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What Is A Restoration By Court Order? And Why Are Companies Reinstated To The Register?

If a company has been voluntarily dissolved and removed from the register at Companies House, then it can be restored, but only by a court order. The restoration by court order process can be lengthy, and in some circumstances costly. However, there are a number of reasons why it may be advantageous for a certain interested parties to go down this route.

What Is A Restoration By Court Order?

Once a company has been dissolved and removed from the Companies House register, all of its assets are transferred to the Crown in a state known as ‘bona vacantia’. This literally translates as ‘vacant goods’ and can refer to all company assets including property and cash. However any liabilities that the company holds do not transfer to the crown and are usually extinguished.

The only way to recover these assets is by applying for a court order to restore the company to the register, in effect reinstating it as if it had never been dissolved.

The restoration by court order process can take up to 15 weeks to complete and involves paying numerous fees. These include court fees of £308, a fee of £300 to the Registrar of Companies, and fees to enlist the services of a professional to handle the application.

Why Are Companies Reinstated To The Register?

There are a number of reasons why a company may be reinstated to the register. Parties who may be keen to restore a previously dissolved company to the register include:

  • Former directors or members of the company who may wish to reinstate the company’s trading potential.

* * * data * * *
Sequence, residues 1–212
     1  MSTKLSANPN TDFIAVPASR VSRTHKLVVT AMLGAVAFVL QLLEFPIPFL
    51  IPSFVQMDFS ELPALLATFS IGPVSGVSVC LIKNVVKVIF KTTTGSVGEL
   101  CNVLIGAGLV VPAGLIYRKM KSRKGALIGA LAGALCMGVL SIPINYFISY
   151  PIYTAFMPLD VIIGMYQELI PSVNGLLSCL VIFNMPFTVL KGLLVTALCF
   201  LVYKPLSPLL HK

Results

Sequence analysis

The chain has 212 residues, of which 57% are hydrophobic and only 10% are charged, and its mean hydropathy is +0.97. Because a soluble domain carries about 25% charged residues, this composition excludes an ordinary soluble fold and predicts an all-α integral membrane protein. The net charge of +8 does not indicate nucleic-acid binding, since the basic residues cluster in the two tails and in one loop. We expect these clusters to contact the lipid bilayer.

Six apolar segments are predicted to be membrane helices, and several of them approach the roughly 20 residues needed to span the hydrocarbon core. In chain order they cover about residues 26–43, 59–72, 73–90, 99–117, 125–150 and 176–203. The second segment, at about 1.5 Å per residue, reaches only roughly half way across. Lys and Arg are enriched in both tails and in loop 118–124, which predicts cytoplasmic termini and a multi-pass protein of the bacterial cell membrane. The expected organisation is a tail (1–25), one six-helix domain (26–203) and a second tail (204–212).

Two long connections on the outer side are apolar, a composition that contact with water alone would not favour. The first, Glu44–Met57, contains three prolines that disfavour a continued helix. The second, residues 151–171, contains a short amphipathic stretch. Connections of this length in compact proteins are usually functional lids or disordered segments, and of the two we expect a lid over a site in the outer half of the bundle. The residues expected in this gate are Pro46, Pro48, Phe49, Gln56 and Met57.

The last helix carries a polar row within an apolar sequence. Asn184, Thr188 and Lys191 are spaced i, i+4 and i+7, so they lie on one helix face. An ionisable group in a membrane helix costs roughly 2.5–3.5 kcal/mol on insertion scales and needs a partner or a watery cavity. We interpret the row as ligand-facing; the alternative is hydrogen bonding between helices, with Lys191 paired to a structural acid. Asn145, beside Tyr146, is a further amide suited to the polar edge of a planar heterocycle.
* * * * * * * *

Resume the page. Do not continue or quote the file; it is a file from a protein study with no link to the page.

• Creditors of the company at the time of dissolution who wish to recover the monies owed.
  • Any person who would have had a contractual relationship with the company had it not been dissolved, to either reinstate this relationship or claim reimbursement for any breach of contract.
  • Any other person who may have a potential legal claim against the company
  • The manager or trustee of the company employee’s pension fund.
  • Anyone who has an interest in the property or land in which the company owns or has an interest in.
  • Any other person who the court agrees has a reasonable interest in the matter.

Unless the restoration is being made in regards to a personal injury claim, applications for the restoration of a company via court order must be made within 6 years of the original dissolution of the company.

What Information Does The Court Require To Grant A Restoration Order?

In England, Wales and Northern Ireland you must provide the courts with an affidavit or witness statement containing the following information:

  • Details of when the company was originally incorporated and the nature of its objects (copies of original documentation must also be provided to support this), and also its membership and officers.
  • Information regarding its trading activity and, if appropriate, when it stopped trading. Also include comments on the company’s solvency status.
  • Evidence that the original documentation was served.
  • Details of the dissolution and the reasons for doing so.
  • Confirmation (either included in the statement or a copy of the letter attached) that the solicitor dealing with the bona vacantia assets doesn’t have an objection to the restoration of the company.
  • Any further information that can be used to support the case for the restoration of the company.

In Scotland this information (apart from confirmation that the solicitor dealing with the bona vacantia doesn’t have any objections to the restoration, which isn’t required) doesn’t have to be provided in an affidavit, but can be included in the petition to restore.

Begbies Traynor is experienced in providing expert advice and guidance to companies in need of rescue and recovery services. Whether we are working with SME’s or huge multinationals our levels of dedication and service remain consistent. To find out more about how we can help to restore your company, contact our knowledgeable team today.

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